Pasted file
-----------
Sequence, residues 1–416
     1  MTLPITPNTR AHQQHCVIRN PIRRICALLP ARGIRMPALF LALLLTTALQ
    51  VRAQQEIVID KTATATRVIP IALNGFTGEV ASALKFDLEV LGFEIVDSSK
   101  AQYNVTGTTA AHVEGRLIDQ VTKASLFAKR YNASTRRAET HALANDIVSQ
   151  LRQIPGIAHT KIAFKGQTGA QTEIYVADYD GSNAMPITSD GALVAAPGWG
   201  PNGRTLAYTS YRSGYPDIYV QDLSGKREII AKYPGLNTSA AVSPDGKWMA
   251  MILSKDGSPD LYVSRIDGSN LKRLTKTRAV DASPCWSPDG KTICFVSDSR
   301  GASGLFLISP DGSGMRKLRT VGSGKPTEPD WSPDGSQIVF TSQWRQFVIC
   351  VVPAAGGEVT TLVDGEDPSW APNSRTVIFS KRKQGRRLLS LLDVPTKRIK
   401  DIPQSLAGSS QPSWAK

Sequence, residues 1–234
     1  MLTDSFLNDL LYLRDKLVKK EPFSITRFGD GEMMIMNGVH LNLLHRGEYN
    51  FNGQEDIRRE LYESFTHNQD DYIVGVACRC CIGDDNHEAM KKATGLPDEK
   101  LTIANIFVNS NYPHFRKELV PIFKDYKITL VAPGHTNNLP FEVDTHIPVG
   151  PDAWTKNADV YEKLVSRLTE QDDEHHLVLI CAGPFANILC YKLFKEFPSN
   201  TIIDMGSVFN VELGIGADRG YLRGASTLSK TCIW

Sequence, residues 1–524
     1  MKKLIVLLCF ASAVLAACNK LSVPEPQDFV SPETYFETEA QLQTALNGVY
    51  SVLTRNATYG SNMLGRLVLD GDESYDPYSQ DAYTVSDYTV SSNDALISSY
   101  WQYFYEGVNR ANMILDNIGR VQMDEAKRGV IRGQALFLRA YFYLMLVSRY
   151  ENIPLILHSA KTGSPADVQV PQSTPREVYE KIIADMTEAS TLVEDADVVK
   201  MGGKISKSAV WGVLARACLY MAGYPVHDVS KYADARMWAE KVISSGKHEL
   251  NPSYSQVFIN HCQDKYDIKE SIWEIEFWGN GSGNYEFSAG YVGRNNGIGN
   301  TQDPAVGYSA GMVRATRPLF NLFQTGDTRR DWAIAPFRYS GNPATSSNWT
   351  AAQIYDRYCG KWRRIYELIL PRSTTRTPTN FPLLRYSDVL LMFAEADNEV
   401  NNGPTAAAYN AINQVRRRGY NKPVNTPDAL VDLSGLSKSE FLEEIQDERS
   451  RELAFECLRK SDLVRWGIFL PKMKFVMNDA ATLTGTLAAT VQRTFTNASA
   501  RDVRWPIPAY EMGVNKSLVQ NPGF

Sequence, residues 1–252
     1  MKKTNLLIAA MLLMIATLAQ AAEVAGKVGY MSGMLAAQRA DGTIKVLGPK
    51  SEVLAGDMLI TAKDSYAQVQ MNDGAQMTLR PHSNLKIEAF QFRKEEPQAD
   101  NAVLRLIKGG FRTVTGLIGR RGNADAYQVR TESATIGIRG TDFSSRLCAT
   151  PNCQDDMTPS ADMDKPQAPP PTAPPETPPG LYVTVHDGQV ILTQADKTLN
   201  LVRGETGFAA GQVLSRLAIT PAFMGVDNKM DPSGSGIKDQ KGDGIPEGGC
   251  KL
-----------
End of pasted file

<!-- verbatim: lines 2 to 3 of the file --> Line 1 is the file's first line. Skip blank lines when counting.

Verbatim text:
     1  MTLPITPNTR AHQQHCVIRN PIRRICALLP ARGIRMPALF LALLLTTALQ
    51  VRAQQEIVID KTATATRVIP IALNGFTGEV ASALKFDLEV LGFEIVDSSK